I have been thinking a lot about family, lately. Everyone in my life has markedly different relationships with their own, and without fail, that relationship shapes who they are. Katie, aka Katielase, has a remarkable relationship with her family. And she knows it. This is her tribute.
I expect her parents to receive a number of adoption requests from the AOW community. As well as that failsafe crumble recipe. Over to you, Katie:
I have been thinking for a while about a FTMMM post, and about who I would choose. I don’t have one single best friend who I have known my entire life who has shaped the person I am, I have some amazing friends, who have taught me huge amounts and helped me develop into the woman I am. They’re awesome, but there is another group of people who I consider to be amongst my greatest friends, who I socialise with regularly and who have shaped me very definitely into the person I am. They are my crazy, lovely, loud, loony and wonderful family.
I am lucky, I have an incredibly close family. I live less than 20 minutes away from my childhood home (13 minutes if the lights are all green and you’re prepared to be ruthless about letting people pull out from suburban roads, which I totally am). I’m back ‘home’ at least once every week, for dinner or a cup of tea, for chats and laughs and watching Poirot. For games nights and quizzes, theatre trips and picnics. My husband and I go on holiday with my family every year. It sounds weird to say they are my friends, but for me, they truly are. I choose to spend time with them because they are some of my favourite people in the world. And boy, have they ever shaped me as a person.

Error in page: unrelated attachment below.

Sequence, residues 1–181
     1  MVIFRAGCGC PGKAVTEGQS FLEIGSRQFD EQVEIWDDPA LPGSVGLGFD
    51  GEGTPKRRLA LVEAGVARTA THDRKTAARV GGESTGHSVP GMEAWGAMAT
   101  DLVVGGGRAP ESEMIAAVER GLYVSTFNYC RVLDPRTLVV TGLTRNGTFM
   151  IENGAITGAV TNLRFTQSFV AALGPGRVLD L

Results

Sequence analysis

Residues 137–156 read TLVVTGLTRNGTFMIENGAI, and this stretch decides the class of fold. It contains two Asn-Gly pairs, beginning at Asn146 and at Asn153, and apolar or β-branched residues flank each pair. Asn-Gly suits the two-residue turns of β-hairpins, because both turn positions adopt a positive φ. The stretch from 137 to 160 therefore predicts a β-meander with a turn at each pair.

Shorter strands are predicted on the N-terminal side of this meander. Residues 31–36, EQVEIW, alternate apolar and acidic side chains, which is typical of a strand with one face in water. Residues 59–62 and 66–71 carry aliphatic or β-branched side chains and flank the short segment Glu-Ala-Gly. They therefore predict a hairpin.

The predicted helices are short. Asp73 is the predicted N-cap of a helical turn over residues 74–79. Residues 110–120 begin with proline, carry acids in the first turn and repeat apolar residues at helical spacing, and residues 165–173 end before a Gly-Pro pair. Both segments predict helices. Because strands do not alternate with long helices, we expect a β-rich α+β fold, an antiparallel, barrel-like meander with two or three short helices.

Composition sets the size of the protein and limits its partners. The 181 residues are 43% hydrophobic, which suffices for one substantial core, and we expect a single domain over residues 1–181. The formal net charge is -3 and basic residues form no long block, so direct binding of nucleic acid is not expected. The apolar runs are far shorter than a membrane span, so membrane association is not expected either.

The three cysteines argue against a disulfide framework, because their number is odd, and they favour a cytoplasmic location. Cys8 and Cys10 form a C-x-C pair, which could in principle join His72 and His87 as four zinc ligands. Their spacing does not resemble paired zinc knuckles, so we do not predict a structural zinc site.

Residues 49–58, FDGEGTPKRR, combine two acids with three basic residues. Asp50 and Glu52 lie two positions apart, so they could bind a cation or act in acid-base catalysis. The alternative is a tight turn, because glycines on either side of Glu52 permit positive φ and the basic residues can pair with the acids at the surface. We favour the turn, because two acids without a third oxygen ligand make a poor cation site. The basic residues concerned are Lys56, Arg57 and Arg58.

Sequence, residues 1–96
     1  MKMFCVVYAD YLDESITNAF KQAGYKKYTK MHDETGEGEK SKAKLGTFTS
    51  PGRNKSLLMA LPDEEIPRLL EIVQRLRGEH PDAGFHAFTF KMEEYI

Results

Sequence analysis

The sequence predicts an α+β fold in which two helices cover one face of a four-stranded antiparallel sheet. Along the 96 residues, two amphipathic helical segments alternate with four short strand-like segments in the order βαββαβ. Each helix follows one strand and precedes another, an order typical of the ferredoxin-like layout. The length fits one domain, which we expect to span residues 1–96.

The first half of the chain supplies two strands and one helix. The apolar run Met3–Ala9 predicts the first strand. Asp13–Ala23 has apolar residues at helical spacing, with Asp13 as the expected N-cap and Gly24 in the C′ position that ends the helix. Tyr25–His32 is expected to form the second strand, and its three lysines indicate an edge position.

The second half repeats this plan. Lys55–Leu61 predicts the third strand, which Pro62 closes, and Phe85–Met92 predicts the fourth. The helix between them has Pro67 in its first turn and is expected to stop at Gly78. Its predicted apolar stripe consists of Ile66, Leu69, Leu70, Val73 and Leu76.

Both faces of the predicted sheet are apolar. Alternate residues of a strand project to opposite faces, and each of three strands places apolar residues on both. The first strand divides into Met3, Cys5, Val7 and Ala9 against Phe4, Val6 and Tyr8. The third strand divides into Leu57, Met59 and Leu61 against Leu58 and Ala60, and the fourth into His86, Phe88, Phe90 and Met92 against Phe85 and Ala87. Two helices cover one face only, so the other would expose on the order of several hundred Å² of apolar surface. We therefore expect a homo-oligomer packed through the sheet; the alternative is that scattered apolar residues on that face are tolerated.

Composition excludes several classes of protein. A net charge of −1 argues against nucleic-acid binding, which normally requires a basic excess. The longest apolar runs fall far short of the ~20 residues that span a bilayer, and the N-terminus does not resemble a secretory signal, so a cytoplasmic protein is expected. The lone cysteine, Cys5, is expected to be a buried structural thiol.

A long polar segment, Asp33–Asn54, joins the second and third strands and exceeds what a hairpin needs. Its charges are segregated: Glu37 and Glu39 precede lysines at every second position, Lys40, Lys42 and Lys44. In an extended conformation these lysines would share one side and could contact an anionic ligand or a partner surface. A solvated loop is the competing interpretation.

First and final photographs by Andrew Dobell. No-one can remember what is going on here, but I’m certain we are being silly. I prefer this picture to the posed photo that followed, it’s more ‘us’.
It’s obvious to say that your parents made you, you, of course they did. My Mum and Dad raised me, they gave me my values and they sent me off into the world with such a huge amount of love, support and belief that I couldn’t possibly have failed. But this is about my Mum as a person, Sarah, and what she’s taught me as a friend and as a woman. My Mum is one of my best friends and she is, simply, the strongest woman I will ever know. If she’s reading this, she’s thinking “but I don’t feel strong”, which is in fact, the entire point. She teaches me every day how to be strong; that the strongest, bravest people aren’t the ones who think they can cope, but the ones that carry on, even when they’re in pain, or they feel like they’re crumbling inside. They’re the ones who never give up. Mum also taught me many other invaluable life lessons, including how to make perfect pastry, how to ‘knock up’ a crumble in moments, and how to empathise. All equally important, clearly.
Like my Mum, my Dad obviously raised me and gave me my values. In addition though, I am more confident because of my Dad, because of the way he sees me, because of his unfailing, unflinching belief in me all the time. It is best illustrated by his role as my Running Buddy, Dad is the Pollyanna of long distance running, he is so relentlessly positive. When I’m barely breathing, almost crying, red-faced and sweaty and overcome with the knowledge that I just cannot do this, I haven’t got anything left… he has faith that I won’t give up. And because he believes that I will keep going, I find that I can, it gives me strength. I ran 13.1 miles recently, and the last 5 miles were run almost exclusively on stubborn persistent belief. And that carries over to all areas of my life, I know I am stronger than I think I am, and my Dad will always be there, making sure I remember. As well as this, my Dad has given me my geekiness, an innate sense of daftness, my lifelong obsession with the Oxford comma, and a deep love of waves crashing onto rocks.